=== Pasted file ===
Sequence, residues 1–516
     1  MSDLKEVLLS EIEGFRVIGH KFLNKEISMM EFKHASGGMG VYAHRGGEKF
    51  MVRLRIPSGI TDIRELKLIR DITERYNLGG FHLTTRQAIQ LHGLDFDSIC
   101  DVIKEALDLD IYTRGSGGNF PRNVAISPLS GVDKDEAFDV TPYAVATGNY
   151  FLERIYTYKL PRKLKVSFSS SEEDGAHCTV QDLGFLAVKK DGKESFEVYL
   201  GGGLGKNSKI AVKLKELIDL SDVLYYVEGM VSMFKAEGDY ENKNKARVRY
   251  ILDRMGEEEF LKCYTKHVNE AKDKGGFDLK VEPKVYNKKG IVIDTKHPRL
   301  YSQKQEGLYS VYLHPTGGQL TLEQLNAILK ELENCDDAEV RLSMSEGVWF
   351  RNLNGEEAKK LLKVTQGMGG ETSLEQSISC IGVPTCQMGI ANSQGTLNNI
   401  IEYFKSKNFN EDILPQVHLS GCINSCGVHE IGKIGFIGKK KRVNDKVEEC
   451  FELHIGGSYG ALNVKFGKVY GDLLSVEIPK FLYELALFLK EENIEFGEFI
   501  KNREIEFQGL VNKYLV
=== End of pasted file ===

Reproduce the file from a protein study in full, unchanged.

Sequence, residues 1–516
     1  MSDLKEVLLS EIEGFRVIGH KFLNKEISMM EFKHASGGMG VYAHRGGEKF
    51  MVRLRIPSGI TDIRELKLIR DITERYNLGG FHLTTRQAIQ LHGLDFDSIC
   101  DVIKEALDLD IYTRGSGGNF PRNVAISPLS GVDKDEAFDV TPYAVATGNY
   151  FLERIYTYKL PRKLKVSFSS SEEDGAHCTV QDLGFLAVKK DGKESFEVYL
   201  GGGLGKNSKI AVKLKELIDL SDVLYYVEGM VSMFKAEGDY ENKNKARVRY
   251  ILDRMGEEEF LKCYTKHVNE AKDKGGFDLK VEPKVYNKKG IVIDTKHPRL
   301  YSQKQEGLYS VYLHPTGGQL TLEQLNAILK ELENCDDAEV RLSMSEGVWF
   351  RNLNGEEAKK LLKVTQGMGG ETSLEQSISC IGVPTCQMGI ANSQGTLNNI
   401  IEYFKSKNFN EDILPQVHLS GCINSCGVHE IGKIGFIGKK KRVNDKVEEC
   451  FELHIGGSYG ALNVKFGKVY GDLLSVEIPK FLYELALFLK EENIEFGEFI
   501  KNREIEFQGL VNKYLV